I’m back on my bullshit this month to talk about a subject that might trigger some self-hate in the room:
Even as I write this, I’m thinking about all of the other tasks and projects I’m avoiding in lieu drafting of this post. Procrastination, especially for creatives, can be either one of two things: a much-needed respite from the to-do list we commit ourselves to or an invitation for ego to falsely remind us of how lazy we are.
I decided to dedicate this #MyFiveList to the art of avoidance and how it may be useful in our lives:
Step One: New Outlet, New Outlook
From time to time (read: every other day), I avoid finishing the first draft of my thirteenth novel by making the words elsewhere. At the right time during the most optimal moon cycle for creativity, you can find me doing the following except writing my fucking book:
– participating in Smut Marathon
– drafting the next #MyFiveList
– brainstorming characters & worldbuilding for an anthology project
– revisiting a draft I promised I would publish 50-11 years ago
Words are words, no matter where they end up, right? In addition to adding to another project, any of the above activities is usually fuel enough to get me back in the seat with my current WIP. But, if all else fails…
Step Two: Tired of Your Book? Read Someone Else’s
I dive deep into a book. DEEP. So deep that I may not see my WIP for a week or two (…or five). While I’m reading whatever I’m indulging – whether it’s an erotica antho or the latest from Gabby Bernstein – I’m learning. Writers read to become better at the craft, so my lit hiatuses aren’t for naught. I take note of dialogue styles that might match my narrative, character names similar to my own, and – because I absolutely suck at this – observe how my fellow authors use setting to punctuate the story. It’s a whole master class when I’m reading in my recliner and ignoring my laptop, TRUST.
Step Three: Gas Somebody Up
When I’m not hiding in a book, I’m loud AF on the socials. Twitter, in particular, is where I finding my writing cohorts who happen to be avoiding their own word vomit. If I’m in a funk about my story, chances are at least one of them is, too – which is the perfect time to retweet their last release or cheer them on while they attempt the next book. It’s a small kind gesture that goes a long way and is one of the best methods to be useful when procrastinating.
Step Four: ‘Dear Diary…’ That Shit Out
There are times when not even a new project, the juiciest book, or the best online exchange can get me out of my writer’s slump. In those moments, the best way I can procrastinate and still produce meaningful prose are when I write words to myself.
Like any writer, I shamelessly own a plethora of unused notebooks. The total number’s roughly sixty, but only two of the ones in use hold my attention for the hard stuff (i.e. misplaced emotions, informally diagnosed personality defects, and random acts of pettiness). Whenever I’m questioning my talent, I ground myself in meditation and give it to my private pages. Even if I’m still avoiding my WIP after a long journaling session, I feel lifted and protected. It’s not for everyone, I know, but I highly encourage writing the shit out to any and all.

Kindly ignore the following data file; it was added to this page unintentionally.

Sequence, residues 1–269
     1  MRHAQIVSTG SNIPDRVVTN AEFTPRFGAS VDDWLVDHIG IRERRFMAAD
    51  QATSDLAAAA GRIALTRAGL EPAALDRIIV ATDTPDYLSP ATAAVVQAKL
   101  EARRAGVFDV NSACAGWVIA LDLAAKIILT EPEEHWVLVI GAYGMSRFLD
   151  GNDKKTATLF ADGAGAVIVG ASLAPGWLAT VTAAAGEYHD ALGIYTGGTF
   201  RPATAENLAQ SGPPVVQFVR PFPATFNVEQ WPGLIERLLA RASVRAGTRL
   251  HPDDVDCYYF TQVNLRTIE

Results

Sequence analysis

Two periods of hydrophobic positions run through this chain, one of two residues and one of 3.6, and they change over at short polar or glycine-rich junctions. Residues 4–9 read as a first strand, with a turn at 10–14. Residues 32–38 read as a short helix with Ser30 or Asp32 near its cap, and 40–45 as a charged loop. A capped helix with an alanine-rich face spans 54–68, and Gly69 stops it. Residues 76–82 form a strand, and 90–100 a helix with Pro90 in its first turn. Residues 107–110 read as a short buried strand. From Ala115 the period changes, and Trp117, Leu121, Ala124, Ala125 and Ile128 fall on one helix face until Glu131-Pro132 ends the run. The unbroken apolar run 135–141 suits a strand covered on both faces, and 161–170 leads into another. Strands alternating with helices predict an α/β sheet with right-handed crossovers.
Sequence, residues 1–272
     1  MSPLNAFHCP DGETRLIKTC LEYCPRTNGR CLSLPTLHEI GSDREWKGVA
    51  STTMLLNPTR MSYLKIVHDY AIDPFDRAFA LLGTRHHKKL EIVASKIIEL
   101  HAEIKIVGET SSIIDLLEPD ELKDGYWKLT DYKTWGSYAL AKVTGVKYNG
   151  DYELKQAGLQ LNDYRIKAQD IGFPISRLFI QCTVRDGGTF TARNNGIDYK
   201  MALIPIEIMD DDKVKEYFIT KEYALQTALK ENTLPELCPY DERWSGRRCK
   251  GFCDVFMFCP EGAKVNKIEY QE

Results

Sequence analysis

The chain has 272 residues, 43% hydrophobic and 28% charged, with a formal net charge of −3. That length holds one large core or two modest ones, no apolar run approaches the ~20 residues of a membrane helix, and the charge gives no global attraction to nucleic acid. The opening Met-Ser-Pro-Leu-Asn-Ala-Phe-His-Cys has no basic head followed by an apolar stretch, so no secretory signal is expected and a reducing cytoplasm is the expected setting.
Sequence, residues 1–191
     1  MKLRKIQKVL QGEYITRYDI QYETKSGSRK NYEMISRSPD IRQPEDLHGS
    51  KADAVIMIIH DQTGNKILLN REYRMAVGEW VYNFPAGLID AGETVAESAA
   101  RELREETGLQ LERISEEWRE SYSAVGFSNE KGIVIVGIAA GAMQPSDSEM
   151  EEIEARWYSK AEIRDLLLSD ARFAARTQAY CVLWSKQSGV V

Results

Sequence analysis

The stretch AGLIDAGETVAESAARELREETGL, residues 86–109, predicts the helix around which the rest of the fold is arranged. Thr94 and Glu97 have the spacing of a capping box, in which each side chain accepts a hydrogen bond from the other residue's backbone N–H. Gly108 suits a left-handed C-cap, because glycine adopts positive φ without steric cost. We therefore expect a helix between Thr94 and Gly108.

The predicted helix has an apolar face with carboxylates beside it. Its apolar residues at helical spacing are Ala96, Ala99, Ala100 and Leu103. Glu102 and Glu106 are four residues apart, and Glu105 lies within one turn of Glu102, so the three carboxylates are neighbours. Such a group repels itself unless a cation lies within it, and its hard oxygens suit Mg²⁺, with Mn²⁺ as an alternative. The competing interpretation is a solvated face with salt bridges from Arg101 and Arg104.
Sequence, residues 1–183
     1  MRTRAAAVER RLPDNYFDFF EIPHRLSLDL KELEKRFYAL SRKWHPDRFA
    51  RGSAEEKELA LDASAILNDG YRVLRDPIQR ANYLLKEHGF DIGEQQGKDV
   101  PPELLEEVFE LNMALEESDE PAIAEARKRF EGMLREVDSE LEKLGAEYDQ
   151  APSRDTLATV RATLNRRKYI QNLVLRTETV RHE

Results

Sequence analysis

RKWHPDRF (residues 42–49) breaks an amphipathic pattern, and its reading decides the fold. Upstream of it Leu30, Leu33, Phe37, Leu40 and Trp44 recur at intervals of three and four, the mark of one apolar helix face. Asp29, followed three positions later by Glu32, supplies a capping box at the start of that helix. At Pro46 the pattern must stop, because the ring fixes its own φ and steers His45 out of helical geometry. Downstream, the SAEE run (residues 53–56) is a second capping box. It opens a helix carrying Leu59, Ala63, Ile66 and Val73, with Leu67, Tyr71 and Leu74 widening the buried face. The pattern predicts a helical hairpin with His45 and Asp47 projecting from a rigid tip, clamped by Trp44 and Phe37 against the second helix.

Step Five: Reflect
Cheryl Strayed says, ‘Acceptance is a small, quiet room’. When you have an unused laptop haunting you, that room can be tiny and loud. I’ve spent the past two years of personal development working on the concept of acceptance, not only in my relationships but with my creative life. After Pitch Wars in 2018, I had visions of nabbing an agent and becoming my definition at the time of what a ‘real’ writer should be. As I grew as a human and as an author (and after many rejections), I re-evaluated and reflected on who I was as a creative.
What weight did I hold for myself in that space?
Was traditional publishing the true direction of my creativity or was I in it for the clout?
Where do I fit as a writer?
I still find myself asking versions of these questions in the throes of procrastination. Some of the answers end up in my journal (see Step Four). Some stay locked in my brain. Some manifest into an order of cheese fries and/or a spicy two-piece from Popeyes. When I step out of ego and get honest with myself, I can look back at my journey and realize what I’ve accomplished thus far:
twelve novels in five years
half a dozen anthologies
stacks of personal journals documenting my life over the past twenty-five years, the details of which are slowly creeping into my upcoming novel
and yet…I keep writing.
Even when I’m not writing, I know that I will write again. I know that words and characters reside in me that have yet to see the page. That reflection humbles me and makes me infinitely grateful for my life, for the freedom to procrastinate. I was created to create, that’s an undisputed fact. Keeping that in mind, I don’t doubt that the words will come again.